The three dimensional card of the invention is thus uniquely adapted and especially suited for entirely automated production by the following steps, the order of which may be altered and still be within the scope of the method of the invention. Greeting card images are printed upon one or both sides of card stock. Individual cards are die cut from the printed card stock in patterns which may correspond to the printed images. The die cuts define peripheral edges of the cards and may include internal cut outs in one or more panels of the cards. Score lines may be formed in the cards in connection with the die cutting operation, wherein a cutting die is configured to also form one or more score lines. The cards are then placed in an automatic folding and gluing machine which forms at least two generally parallel fold lines in the manner described, thereby defining at least three and preferably four or five or more panels to the cards, and applies adhesive to at least one panel so that as another panel is folded on to the adhesive the two panels are adhered together. The cards are then pressed in a folded and adhered configuration.
The invention thus novelly provides a foldable multiple panel three dimensional greeting card automatically constructed of a single piece of card stock printed, die cut, folded and adhered together by automated machinery so that the card is unfolded only by the purchaser or end user for display in a three dimensional upright manner.
Although the invention has been described with respect to a particular embodiment, it will be appreciated by those of skill in the art that the basic principles of the invention are applicable to an infinite variety of greeting cards having peripheral and internal configurations and graphics different from the example yet within the scope of the claims and/or equivalent to the example described.
FIG. 1 is a plan view of a greeting card of the present invention in an unfolded configuration;
FIG. 2 is a plan view of a frontal portion of the greeting card of the present invention in a folded configuration;
FIG. 3 is a plan view of a rear panel portion of the greeting card of the present invention in a folded configuration, and
FIG. 4 is a perspective view of the greeting card of the present invention in an unfolded three dimensional configuration.
The present invention pertains generally to greeting cards and automated methods of making greeting cards and, in particular, to three dimensional greeting cards having multiple foldable panels.
Greeting cards having multiple panels are desirable for the large amount of area provided for graphic and textual printing and the entertainment value of multiple panels or pages for three-dimensional presentation of a greeting message. Cards which may be folded out or assembled into three dimensional configurations typically require detachment of one or more panels and/or sub-panels or insertion of locking tabs into slits in adjacent panels. Such cards are relatively difficult and expensive to mass produce for the reasons that multiple fold lines and cuts must be made in order to form the panels, and the card must be pre-folded by manual construction and assembly and manual gluing so that it can be readily opened by the customer.
The present invention provides a machine producible multiple panel three dimensional greeting card and method of manufacture. The greeting card of the invention is formed from a single folded sheet of card stock peripherally and internally die cut, glued and folded by machine to automatically produce a card which can be unfolded into three dimensions by the recipient.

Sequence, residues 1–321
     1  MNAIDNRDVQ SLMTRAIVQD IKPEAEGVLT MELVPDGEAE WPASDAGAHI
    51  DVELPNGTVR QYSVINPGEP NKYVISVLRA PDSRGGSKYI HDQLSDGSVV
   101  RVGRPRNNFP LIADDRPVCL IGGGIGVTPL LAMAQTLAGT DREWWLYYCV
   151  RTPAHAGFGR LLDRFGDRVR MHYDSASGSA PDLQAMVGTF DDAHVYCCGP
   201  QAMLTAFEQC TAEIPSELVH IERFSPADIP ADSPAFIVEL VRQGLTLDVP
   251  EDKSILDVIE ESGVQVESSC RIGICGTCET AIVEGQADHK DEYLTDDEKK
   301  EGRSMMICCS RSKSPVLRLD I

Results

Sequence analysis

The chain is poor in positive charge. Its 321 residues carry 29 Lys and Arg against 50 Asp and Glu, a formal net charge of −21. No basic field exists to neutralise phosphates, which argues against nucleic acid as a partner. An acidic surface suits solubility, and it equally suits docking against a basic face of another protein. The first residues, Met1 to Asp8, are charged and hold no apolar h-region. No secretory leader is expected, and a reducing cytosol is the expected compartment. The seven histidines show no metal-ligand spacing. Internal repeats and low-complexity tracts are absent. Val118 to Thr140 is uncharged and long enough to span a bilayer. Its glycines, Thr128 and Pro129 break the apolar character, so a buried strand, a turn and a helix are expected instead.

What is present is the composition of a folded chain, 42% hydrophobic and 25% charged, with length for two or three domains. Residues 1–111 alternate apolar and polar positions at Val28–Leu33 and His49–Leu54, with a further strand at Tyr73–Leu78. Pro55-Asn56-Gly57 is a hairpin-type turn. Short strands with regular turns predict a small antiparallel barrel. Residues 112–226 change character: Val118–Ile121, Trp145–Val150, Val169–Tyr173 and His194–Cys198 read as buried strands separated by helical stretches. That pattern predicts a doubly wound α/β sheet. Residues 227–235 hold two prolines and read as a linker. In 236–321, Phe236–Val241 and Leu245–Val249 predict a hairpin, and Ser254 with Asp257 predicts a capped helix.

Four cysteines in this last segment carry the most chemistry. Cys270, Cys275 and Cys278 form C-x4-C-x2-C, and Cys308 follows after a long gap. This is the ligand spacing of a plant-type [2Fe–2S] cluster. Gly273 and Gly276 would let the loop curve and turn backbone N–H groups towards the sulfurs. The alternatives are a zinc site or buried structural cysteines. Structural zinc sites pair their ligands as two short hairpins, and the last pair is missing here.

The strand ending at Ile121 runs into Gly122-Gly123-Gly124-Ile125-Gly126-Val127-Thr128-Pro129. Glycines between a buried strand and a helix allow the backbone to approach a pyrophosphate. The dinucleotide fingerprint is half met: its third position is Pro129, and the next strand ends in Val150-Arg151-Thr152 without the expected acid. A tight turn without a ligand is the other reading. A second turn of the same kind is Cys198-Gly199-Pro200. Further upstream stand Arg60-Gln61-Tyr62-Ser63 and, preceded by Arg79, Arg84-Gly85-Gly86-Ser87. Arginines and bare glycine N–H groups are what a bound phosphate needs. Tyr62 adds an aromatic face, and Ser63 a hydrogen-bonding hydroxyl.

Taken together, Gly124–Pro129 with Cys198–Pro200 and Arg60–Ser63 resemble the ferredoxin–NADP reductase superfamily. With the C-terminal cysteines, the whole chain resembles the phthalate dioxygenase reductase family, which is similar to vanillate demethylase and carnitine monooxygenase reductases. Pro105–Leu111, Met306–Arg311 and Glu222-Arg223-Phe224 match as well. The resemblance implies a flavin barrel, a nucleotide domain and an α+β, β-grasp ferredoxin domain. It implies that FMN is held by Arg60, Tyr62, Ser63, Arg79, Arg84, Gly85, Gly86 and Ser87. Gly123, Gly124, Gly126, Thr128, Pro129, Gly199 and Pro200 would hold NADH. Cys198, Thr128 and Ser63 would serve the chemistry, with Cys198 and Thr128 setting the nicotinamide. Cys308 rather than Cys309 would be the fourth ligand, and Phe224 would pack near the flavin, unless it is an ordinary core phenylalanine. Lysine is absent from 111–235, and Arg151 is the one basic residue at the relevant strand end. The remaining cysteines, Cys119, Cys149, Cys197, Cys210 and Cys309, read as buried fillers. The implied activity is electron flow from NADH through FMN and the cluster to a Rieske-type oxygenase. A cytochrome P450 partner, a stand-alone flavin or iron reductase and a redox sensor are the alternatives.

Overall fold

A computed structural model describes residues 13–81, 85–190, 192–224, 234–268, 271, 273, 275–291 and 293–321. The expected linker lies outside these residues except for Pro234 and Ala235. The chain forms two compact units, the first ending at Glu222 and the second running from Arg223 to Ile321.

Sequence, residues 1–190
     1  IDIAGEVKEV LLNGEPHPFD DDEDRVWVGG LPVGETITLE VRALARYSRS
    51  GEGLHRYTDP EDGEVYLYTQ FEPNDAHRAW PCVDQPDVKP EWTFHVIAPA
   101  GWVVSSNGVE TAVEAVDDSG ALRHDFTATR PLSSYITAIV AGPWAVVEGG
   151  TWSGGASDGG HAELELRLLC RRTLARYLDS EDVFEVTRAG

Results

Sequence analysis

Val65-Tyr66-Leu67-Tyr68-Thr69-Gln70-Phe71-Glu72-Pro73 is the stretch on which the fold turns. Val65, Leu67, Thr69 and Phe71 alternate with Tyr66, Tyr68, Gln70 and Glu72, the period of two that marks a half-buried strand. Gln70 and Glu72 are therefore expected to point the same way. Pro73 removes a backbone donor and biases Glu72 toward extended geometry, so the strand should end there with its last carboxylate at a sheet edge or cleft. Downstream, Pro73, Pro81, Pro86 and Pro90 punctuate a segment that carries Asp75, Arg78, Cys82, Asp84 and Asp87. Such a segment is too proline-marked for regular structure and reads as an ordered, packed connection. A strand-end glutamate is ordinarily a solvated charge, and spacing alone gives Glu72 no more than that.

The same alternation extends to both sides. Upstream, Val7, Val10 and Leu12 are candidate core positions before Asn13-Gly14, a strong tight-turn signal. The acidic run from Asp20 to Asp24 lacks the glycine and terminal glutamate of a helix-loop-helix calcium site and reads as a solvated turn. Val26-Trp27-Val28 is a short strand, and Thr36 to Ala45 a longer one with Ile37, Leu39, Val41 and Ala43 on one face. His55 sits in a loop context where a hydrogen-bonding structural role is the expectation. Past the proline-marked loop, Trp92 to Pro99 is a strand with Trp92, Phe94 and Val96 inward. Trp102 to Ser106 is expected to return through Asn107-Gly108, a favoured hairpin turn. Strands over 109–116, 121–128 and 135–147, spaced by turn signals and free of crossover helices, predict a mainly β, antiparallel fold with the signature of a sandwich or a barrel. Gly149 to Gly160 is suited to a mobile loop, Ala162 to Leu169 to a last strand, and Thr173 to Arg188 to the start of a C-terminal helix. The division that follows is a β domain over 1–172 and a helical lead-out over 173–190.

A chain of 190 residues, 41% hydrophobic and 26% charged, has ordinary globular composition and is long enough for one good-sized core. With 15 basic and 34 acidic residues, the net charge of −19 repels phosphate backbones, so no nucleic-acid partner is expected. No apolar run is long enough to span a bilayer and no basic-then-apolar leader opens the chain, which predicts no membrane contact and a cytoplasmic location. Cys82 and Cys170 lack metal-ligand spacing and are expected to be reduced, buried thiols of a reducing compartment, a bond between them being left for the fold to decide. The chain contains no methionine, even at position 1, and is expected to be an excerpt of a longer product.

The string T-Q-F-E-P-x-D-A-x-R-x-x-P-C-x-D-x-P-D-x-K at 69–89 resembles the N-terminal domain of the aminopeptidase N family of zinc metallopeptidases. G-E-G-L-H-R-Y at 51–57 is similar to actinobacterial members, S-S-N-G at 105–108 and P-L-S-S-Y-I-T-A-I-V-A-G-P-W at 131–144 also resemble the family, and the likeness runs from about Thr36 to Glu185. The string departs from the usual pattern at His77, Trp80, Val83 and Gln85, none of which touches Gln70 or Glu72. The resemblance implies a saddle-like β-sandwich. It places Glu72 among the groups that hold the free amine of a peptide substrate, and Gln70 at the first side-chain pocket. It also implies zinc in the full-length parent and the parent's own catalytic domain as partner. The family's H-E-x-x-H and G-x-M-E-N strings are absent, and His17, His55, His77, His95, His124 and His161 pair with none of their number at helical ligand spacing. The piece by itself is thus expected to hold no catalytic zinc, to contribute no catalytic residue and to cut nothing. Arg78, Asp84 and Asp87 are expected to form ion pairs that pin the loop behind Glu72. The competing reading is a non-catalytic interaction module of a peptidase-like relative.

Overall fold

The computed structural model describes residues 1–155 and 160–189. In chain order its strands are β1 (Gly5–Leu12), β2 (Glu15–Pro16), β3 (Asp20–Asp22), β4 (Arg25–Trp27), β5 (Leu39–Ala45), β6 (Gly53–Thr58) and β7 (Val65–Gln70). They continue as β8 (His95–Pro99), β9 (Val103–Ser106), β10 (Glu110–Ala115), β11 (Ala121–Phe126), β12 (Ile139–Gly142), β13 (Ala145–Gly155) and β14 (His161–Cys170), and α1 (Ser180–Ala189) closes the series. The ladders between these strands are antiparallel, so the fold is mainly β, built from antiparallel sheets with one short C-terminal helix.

In accordance with one aspect of the invention, a multiple panel three dimensional greeting card is automatically formed from a single sheet of card stock which may be printed upon both sides and cut along peripheral edges and interior portions to create unique panel profiles. The die cut card stock is folded and/or scored by automated machinery along multiple generally parallel fold lines which define adjoining edges of multiple panels. Opposite end panels of the card are adhered back to front as the panels are folded together against areas where adhesive is automatically applied. The card is thus configurable into a three dimensional structure having a rectangular or trapezium shaped base formed by edges of the panels.
In accordance with another aspect of the invention, a method of automatically producing three dimensional greeting cards includes the steps of printing a greeting card image on greeting card stock, cutting greeting cards from the greeting card stock by an automatic die cutting machine, applying glue to at least one area of the greeting card stock by an automated glue applying apparatus, folding the printed greeting card stock in an automated folding machine whereby the applied glue adheres at least two panels of the card in a folded configuration.
In accordance with another aspect of the invention, peripheral edge portions of the panels may be die cut to overlap fold lines and extend into an adjacent panel, whereby a peripheral edge of one panel projects across and through the plane of an adjacent panel when the card is unfolded.
In accordance with another aspect of the invention, the generally parallel fold lines may be relatively spaced to define panels of unequal length whereby the card in an unfolded configuration, with end panels adhered, has a trapezium base upon which to stand in an upright position.
In accordance with another aspect of the invention, images printed upon both sides of the card stock can be complementarily corresponding whereby a frontal image of an object is printed directly opposite a posterior image of the same object, and both images of the object are openly visible when the card is in an unfolded three dimensional configuration.
These and other aspects of the invention will be apparent from the following detailed description made with reference to the accompanying Figures.